University of Connecticut

Connecticut Logic Seminar

 

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Title: Defining totality in the enumeration degrees
Speaker: Mariya Soskova (Sofia University and University of California, Berkeley)
Time: Wednesday, January 22, 2014 at 5:00 pm
Place: MSB 203Abstract: We show that the total degrees are first order definable in the enumeration degrees.

Title: The logic of graph decompositions
Speaker: Stephen Flood (University of Connecticut)
Time: Monday, February 24, 2014 at 4:45 pm
Place: MSB 203Abstract:

The theory of simplicial graph decompositions studies the infinite graphs that can be built using a sequence of irreducible graphs which are pasted together at complete subgraphs. We study the strength of several ``existence theorems'', which say that certain graphs admit such a decomposition.

We will discuss the strength of one such existence theorem, known as Halin's Theorem, from the perspective of reverse mathematics and computability theory. In addition, we will give upper and lower bounds on the possible ordinal lengths of general prime decompositions.

Title: The power of uniformity in algorithmic randomness
Speaker: Jason Rute (Penn State)
Time: Monday, March 10, 2014 at 4:45 pm
Place: MSB 203Abstract: It is well known that computable analysis and algorithmic randomness are closely connected. Moreover, computable analysis suggests that uniform reducibility should play a large role in algorithmic randomness. In this talk I will show an application of this insight. I will prove a product theorem for Schnorr randomness for non computable measures. This product theorem is an extension of van Lambalgen's well-known theorem. Both the proof and the statement of the theorem rely heavily on uniformity. It also uses computable analysis in important and insightful ways.

Title: Compressibility and Kolmogorov Complexity
Speaker: Marie Nicholson (University of Connecticut)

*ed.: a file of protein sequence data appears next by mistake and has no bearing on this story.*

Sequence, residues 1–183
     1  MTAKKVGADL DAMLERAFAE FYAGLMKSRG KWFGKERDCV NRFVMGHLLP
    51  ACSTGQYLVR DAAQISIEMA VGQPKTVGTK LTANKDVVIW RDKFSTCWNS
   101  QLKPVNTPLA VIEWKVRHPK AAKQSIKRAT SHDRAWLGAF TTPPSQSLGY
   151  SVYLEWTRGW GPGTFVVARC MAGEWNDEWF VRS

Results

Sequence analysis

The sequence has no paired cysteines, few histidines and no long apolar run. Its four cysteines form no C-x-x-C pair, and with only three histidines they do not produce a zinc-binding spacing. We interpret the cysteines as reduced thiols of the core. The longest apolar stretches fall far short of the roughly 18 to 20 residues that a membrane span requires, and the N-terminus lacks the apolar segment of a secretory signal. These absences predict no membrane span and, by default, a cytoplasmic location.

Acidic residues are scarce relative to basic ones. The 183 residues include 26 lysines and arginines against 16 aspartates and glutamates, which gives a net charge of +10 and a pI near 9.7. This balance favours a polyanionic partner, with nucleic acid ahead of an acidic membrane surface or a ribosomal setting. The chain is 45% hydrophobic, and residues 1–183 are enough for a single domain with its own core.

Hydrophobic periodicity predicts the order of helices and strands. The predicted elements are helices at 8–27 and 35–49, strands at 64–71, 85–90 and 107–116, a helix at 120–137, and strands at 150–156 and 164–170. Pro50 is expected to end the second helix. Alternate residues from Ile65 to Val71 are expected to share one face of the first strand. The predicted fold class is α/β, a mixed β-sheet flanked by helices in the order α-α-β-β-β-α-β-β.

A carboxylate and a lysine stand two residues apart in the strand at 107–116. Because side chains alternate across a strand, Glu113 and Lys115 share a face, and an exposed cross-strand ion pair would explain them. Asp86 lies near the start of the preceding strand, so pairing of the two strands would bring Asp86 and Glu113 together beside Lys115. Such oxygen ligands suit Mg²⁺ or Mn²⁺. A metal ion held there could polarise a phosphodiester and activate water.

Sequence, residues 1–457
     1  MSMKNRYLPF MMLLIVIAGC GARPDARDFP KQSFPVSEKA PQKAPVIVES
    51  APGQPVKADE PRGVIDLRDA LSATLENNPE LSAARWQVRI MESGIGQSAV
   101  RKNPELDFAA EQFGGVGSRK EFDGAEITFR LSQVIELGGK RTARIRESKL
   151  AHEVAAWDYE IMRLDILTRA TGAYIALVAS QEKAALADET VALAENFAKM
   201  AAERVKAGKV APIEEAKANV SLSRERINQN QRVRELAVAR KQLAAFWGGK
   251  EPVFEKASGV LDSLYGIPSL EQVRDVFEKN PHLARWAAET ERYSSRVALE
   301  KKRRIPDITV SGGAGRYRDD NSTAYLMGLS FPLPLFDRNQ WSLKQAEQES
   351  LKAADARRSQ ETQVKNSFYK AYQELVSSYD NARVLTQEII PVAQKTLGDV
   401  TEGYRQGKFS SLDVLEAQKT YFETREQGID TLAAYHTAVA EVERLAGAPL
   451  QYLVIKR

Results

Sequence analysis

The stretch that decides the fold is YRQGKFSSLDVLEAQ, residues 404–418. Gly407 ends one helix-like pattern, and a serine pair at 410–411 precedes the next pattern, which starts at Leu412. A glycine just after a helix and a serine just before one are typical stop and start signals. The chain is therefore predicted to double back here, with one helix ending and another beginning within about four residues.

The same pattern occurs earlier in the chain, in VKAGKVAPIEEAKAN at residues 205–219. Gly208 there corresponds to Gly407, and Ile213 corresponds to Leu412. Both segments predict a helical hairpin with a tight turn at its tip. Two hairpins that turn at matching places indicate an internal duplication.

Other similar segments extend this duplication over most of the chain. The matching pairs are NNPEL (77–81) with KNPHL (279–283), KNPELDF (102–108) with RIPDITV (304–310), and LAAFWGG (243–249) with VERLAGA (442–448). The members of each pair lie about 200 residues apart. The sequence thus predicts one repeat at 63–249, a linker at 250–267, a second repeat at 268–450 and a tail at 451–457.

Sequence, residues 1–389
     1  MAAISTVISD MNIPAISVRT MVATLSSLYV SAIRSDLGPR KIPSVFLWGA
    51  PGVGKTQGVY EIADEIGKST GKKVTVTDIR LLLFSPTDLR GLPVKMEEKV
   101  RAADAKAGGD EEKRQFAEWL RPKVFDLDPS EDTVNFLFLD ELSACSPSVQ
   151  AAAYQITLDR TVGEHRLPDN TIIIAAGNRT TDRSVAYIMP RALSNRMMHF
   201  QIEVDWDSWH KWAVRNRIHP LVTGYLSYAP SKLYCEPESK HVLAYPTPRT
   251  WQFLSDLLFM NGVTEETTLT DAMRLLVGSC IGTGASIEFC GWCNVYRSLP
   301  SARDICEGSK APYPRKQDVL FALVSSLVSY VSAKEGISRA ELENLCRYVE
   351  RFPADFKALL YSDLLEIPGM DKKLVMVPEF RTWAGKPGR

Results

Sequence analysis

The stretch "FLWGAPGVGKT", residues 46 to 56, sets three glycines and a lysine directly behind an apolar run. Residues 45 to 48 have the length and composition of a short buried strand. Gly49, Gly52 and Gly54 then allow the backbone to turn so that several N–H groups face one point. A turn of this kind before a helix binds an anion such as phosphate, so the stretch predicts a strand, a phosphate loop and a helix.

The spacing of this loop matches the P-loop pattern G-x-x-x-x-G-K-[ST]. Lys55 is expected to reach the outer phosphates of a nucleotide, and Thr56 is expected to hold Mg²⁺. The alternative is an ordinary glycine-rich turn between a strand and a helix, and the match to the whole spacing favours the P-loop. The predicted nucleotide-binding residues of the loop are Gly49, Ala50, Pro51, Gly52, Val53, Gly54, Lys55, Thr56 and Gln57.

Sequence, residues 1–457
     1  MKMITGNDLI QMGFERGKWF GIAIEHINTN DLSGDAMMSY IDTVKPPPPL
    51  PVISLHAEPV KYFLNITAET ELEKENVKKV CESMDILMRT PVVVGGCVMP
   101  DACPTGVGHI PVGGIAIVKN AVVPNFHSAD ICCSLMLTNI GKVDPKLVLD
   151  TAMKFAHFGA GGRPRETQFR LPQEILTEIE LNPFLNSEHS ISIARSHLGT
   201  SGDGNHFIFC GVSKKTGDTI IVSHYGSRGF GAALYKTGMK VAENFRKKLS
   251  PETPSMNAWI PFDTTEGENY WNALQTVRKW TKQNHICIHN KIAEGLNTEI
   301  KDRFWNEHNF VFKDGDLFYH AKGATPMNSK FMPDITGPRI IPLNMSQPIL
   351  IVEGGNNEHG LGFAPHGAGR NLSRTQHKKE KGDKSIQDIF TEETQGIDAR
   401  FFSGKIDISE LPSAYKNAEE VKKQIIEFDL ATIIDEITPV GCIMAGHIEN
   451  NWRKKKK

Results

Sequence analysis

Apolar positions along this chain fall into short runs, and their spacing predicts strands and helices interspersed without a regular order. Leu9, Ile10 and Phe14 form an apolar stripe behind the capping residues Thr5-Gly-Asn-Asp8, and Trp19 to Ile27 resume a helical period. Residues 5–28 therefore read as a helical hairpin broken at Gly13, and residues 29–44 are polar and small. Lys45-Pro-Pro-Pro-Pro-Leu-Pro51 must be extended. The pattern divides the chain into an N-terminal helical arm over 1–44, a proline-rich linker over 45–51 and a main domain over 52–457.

Time: Monday, March 24, 2014 at 4:45 pm
Place: MSB 203Abstract: Binns uses the connection between Hausdorff dimension and Kolmogorov complexity to define a pseudo-metric on the Cantor set, which has interesting geometric and algebraic properties. This metric induces a complete, path-connected, non-compact topology on the Cantor set within which we can define concepts such as angle, projection and scalar multiplication. In this talk, we will introduce Binns's metric and also discuss how it can be used to define a notion of data compression in which every infinite binary sequence with sufficient regularity is able to be maximally compressed.

Title: Incomparable omega_1-like models of set theory
Speaker: Victoria Gitman (City Tech, CUNY)
Time: Monday, March 31, 2014 at 4:45 pm
Place: MSB 203Abstract: Hamkins recently showed that given any two countable models of set theory, one of them must embed into the other. I will introduce omega_1-like models, which have size omega_1 but all countable initial segments, and show that Hamkins' theorem does not extend to this class of models. I will prove that if the set-theoretic principle Diamond holds, then there are 2^omega_1 many "incomparable" omega_1-like models of set theory, so that there does not exist an embedding between any pair of them. This is joint work with Gunter Fuchs and Joel David Hamkins.

Title: Transferring model-theoretic results about $L_{\infty, \omega}$ to a Grothendieck topos